Decorating – your average privately rented property will generally be in a decent state when it comes décor. Whether you dig floral feature walls or not is academic.  Council properties can be a bit grotty in comparison. Mine needed decorating from top to bottom, not purely for reasons of taste (though this was a factor). Pretty much every ceiling had large patches that had been re-plastered, but not painted. Some walls and ceilings were grubby with general dirt and nicotine stains, the ply-wood doors bare, and we had to fill hundreds of holes left by a bebe gun. If you’re really, really lucky the council will give you a £25 voucher for B&Q to put towards these costs.

Furniture and kitchen essentials – unfurnished, private rented properties generally have carpets and a cooker, sometimes a fridge too. Council properties don’t. The tenant has to get everything themselves – cooker, fridge, washing machine and all furniture. Again, I was lucky. I’ve bought many of these things myself over the years, much of it second-hand, so I only needed a cooker (which a very generous friend bought for us, I just paid for the fitting). But for families who are unemployed and on very little money – well, I’m guessing this is where shysters like Brighthouse profit.

TV aerial – some people will “pah!” at this. “Why should they have a telly?!” Well, I like watching telly, so does my son, and these days TV is considered something we all enjoy and should have access to, unlike my 70s childhood; but, unlike most private rented properties, the TV Aerial and installation is yet another cost that falls on the tenant. The same goes for telephone lines (but to be fair, I’ve had to pay to install that in privately rented places before, too).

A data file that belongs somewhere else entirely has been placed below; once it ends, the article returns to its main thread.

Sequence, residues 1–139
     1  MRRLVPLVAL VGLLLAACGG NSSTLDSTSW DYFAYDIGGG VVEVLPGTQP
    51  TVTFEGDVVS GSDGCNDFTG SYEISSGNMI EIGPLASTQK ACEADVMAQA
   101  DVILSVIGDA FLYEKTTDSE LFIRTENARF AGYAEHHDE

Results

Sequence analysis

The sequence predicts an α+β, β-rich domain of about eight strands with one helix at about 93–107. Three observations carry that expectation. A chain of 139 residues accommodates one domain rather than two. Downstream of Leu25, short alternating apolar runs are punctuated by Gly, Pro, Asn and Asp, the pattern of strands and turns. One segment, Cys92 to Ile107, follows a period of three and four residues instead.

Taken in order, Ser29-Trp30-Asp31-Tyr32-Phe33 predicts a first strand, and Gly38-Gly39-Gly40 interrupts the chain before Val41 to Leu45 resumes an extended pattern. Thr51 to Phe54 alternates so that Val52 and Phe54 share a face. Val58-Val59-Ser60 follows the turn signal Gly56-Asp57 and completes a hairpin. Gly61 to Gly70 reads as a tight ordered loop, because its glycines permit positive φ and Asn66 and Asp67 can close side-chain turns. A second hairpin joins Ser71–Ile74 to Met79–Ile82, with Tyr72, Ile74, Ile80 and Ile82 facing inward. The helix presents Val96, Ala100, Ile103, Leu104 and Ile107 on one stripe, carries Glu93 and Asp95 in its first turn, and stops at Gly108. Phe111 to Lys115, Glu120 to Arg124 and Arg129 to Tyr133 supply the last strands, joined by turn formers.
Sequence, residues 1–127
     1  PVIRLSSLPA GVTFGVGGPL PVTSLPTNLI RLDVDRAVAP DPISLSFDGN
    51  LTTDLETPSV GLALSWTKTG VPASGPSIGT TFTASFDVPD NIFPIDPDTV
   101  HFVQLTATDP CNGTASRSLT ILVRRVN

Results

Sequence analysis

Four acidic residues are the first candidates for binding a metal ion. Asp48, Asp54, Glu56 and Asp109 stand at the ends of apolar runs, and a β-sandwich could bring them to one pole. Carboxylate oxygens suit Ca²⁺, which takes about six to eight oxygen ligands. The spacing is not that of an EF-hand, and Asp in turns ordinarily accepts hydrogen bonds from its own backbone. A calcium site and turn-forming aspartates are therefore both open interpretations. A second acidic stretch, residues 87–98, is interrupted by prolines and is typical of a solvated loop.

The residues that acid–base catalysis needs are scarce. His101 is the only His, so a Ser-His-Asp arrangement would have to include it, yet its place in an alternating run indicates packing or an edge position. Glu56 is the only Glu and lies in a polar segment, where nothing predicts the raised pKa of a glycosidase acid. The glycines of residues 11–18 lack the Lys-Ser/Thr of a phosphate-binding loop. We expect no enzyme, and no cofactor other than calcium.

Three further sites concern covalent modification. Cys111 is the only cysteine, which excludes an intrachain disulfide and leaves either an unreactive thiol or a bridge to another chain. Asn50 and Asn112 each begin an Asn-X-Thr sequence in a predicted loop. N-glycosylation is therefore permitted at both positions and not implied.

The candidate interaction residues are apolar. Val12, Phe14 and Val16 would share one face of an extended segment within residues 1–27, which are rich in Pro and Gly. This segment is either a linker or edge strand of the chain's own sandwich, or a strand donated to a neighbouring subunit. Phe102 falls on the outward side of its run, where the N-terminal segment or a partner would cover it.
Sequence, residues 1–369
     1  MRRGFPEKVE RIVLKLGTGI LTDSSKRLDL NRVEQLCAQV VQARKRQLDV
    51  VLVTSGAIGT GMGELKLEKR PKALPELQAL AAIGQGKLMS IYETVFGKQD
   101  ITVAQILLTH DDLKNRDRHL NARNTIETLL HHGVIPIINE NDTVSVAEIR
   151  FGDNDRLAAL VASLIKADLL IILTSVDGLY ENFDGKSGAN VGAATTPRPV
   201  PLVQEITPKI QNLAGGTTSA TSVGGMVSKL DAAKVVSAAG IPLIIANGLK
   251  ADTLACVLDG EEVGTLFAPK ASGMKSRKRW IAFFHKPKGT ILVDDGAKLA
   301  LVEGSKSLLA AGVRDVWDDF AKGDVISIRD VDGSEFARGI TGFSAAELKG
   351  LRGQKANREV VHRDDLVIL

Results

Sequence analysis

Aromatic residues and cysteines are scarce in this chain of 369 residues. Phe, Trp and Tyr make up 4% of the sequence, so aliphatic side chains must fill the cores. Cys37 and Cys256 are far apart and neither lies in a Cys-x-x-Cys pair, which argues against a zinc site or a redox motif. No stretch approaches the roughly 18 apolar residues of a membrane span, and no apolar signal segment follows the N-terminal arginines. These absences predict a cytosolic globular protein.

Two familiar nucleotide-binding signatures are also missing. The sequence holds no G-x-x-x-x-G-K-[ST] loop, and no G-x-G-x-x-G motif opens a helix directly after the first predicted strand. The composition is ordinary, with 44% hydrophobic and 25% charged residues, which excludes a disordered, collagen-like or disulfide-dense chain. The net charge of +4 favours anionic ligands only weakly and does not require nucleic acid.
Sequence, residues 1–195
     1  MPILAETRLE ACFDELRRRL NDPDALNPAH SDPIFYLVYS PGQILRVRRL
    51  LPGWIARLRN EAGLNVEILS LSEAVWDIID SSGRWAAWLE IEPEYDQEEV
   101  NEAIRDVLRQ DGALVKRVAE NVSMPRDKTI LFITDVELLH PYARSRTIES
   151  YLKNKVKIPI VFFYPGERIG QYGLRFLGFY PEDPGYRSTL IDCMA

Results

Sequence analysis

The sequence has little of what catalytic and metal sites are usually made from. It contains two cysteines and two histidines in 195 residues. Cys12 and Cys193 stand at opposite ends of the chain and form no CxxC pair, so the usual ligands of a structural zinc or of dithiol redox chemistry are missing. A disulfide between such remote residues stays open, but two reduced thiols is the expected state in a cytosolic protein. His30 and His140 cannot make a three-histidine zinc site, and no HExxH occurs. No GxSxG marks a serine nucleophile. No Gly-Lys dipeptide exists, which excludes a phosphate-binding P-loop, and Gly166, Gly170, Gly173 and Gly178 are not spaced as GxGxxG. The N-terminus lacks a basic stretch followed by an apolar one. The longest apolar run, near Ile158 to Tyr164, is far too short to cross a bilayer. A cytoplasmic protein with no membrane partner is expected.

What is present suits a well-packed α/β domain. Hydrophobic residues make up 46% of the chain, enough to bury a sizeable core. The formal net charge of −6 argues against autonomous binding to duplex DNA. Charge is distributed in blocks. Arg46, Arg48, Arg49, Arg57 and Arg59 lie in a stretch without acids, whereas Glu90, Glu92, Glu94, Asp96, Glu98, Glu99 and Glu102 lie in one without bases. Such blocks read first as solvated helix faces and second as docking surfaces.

The bathroom before we decorated. Bright coral patch on the ceiling? A world of no!

The bathroom. Bright coral patch on the ceiling? A world of no!

Shower – if you want a shower installed, you pay for it. A luxury, yes, but many wouldn’t be without these days.

Garden – council gardens can be dire. Many tenants slowly invest in them to make them nice and what’s more, the council demands that you keep them decent (it doesn’t matter if you inherited a jungle littered with broken kitchen cupboards and a mattress). So you may have to fork out for basic tools and gradually make the garden something more than a place to hang washing. This is still very much a work in progress for me, and not helped by the fact it’s shared with my downstairs neighbour who lets his dog use it as a toilet (lots of poop, but no scoop).

The garden

The garden – I had to be a right nag to get the council to remove that mattress

I was lucky as I work part-time and was able to borrow money to make our home fairly  decent, and am slowly paying it back. Other families go without the things we all consider basics – like carpets and cookers. So when people like my  neighbours, both of whom have health problems, are told they have to move from a home they’ve rented for 6 years because they have a spare room, I understand their dismay. They may have spent a lot of time and money over the years making it a home, and have to fund those costs all over again in order to move elsewhere.  On top of that, they have to find a month’s rent and a bond in advance. If there were more affordable one bedrooms properties available, these people wouldn’t now be in this position. Many single people and couples were actively housed in two bedroom properties by their council – councils gave some people “spare rooms” because they had no where else to house them, but now the tenant is being penalised. We need a combination of more social housing and realistic caps on private rents if we want to achieve a reduction in the housing benefit bill. But more importantly we need this because people need homes.